A Critical Analysis of The Catcher in the Rye In J.D. Salinger’s The Catcher in the Rye, the protagonist, Holden Caulfield, is put through the harsh reality that is life. Holden is kicked out of school and must make his way back to New York to tell his parents the upsetting news, but he first spends a few days finding himself along the way in the Big Apple. He spends these days thinking and seeing first-hand what the adult world is like, consistently reinforcing his belief that the real world is fake. His hatred for people in general is only bested by his hate for those whom he considers to be phonies, which is just about everyone he meets throughout the novel. Salinger uses strong irony, complex characterization, and a specific setting to display Holden Caulfield’s strong hatred towards people that are phonies and prove that no one is immune to the phoniness. A great deal of the irony in Salinger’s novel arises from Holden’s attitude towards adulthood. He spends most of the novel explaining why adults have ruined his life and yearning to be an innocent child again, yet he himself shows signs of acting and feeling like an adult. The first ironic sequence therefore comes into play when Holden arrives in New York: “He tries to use the partial appearance of adulthood to his advantage, for example by standing up to show the [bartender] his grey hair” (Gesler 407). This scene shows that in some respects Holden wishes to be an adult, and to enjoy the perks that come with age, but his ideal lifestyle would be that of a child. Children are pure in Holden’s eyes and haven’t succumbed to the darkness that is society. But this isn’t the last time Holden tries to act old; he also invites a prostitute to his room at his hotel. Sunny, the prostitute, arrives and tries to come on to him her so that she can get the job done, but Holden refuses. He can’t have sex with this random woman because "Holden 's kind of clear-thinking reacts against sex without love, against unclean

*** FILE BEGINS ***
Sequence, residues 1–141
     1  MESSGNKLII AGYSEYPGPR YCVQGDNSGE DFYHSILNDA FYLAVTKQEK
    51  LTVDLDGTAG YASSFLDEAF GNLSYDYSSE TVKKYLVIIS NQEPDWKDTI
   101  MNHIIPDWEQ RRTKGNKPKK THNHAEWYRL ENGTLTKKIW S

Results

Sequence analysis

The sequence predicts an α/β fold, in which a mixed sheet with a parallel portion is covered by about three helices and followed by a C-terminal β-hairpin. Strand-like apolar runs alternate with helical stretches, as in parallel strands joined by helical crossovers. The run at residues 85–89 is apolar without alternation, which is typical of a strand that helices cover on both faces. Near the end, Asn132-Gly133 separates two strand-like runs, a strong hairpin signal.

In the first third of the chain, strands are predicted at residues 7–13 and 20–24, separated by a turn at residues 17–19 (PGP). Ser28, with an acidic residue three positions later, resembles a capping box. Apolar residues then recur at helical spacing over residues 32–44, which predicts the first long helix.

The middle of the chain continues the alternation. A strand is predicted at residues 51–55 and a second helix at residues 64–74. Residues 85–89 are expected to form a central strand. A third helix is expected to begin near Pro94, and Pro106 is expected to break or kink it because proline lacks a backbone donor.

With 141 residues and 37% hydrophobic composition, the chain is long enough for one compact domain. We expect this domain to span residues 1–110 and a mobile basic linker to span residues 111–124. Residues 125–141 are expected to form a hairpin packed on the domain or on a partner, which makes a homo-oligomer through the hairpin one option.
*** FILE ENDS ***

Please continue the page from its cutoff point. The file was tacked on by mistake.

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Salinger, J. D. The Catcher in the Rye. Boston: Little, Brown, 1951. Print.
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